Finally, the timeliness of Wallace’s argument is essential to the effectiveness of his rhetorical devices. His purpose was to argue for the continuation of racial segregation in America and by using God and southern pride as the foundations of his argument he relied heavily on the place and time of his speech. The northern states of America would have widely disagreed and felt unconvinced by his argument; most people in America, around the world, and even Alabama would also disagree with Wallace’s argument today. When Wallace gave his speech (1963), segregation and racism were still very much supported and enforced in the southern states of America. Religion was much more reliable as a source of logic, authority, and emotional appeal. The south in America at this time was much less integrated with people from around the world and around America, so it was composed mostly of racist white people, who still looked to their confederate leaders and forefathers as a source of inspiration or pride. The minorities who did live in the south at the time (immigrants and black people) were very suppressed and were intimidated not to vote or speak up in their communities/politics.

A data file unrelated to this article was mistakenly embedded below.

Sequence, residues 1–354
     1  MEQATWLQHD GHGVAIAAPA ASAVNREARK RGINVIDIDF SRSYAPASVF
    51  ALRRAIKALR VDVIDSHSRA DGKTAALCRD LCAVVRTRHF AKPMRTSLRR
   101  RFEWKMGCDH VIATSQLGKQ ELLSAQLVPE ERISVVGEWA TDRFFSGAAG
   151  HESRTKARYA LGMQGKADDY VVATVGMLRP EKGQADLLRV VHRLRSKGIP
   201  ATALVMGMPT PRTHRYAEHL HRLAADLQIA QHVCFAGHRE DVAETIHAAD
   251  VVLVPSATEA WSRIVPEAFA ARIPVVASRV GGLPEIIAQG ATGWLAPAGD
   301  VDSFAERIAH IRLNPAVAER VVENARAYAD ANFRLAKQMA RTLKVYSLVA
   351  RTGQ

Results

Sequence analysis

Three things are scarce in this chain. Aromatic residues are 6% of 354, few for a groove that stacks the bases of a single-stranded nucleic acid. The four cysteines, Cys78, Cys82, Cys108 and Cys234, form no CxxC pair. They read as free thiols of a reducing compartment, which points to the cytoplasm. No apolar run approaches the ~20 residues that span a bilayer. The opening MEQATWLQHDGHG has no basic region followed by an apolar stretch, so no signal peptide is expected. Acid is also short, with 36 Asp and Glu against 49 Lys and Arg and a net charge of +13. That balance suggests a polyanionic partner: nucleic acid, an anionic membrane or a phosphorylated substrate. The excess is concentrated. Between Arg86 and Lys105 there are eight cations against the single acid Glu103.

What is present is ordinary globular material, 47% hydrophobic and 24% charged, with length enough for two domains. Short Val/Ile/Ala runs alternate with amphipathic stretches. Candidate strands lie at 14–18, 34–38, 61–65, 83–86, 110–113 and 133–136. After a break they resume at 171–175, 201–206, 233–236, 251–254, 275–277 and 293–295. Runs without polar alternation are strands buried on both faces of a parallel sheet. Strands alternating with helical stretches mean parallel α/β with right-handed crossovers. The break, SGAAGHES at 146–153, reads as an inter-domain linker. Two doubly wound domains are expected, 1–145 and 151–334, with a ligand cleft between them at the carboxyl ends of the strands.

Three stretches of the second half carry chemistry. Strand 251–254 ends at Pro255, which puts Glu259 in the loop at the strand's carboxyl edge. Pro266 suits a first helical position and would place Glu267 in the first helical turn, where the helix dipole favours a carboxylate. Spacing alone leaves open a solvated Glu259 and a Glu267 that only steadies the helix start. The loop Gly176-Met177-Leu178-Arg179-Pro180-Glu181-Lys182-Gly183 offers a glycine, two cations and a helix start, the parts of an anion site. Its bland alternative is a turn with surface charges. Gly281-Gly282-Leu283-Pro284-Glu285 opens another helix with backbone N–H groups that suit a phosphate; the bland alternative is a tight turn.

In conclusion, George C. Wallace’s inaugural address was effective for his audience in the south of the 1960’s. By using religion, southern pride, and political authority as means of appealing to emotion, reasoning, and authority, Wallace effectively assured his audience of the message to continue segregation in America, specifically in the south.
Newman, John J., and John M. Schmalbach. United States History: Preparing for the Advanced Placement Examination. 3rd ed., New York, Amsco School Publications, 2016.
Staff, History.com. “The 1960s.” History.com, A+E Networks, 2010, http://www.history.com/topics/1960s. Accessed 5 Mar. 2017.
Wallace, George C., Gov. “Inaugural Address.” Alabama Governor’s inauguration, 14 Jan. 1963, Montgomery, Alabama. Address.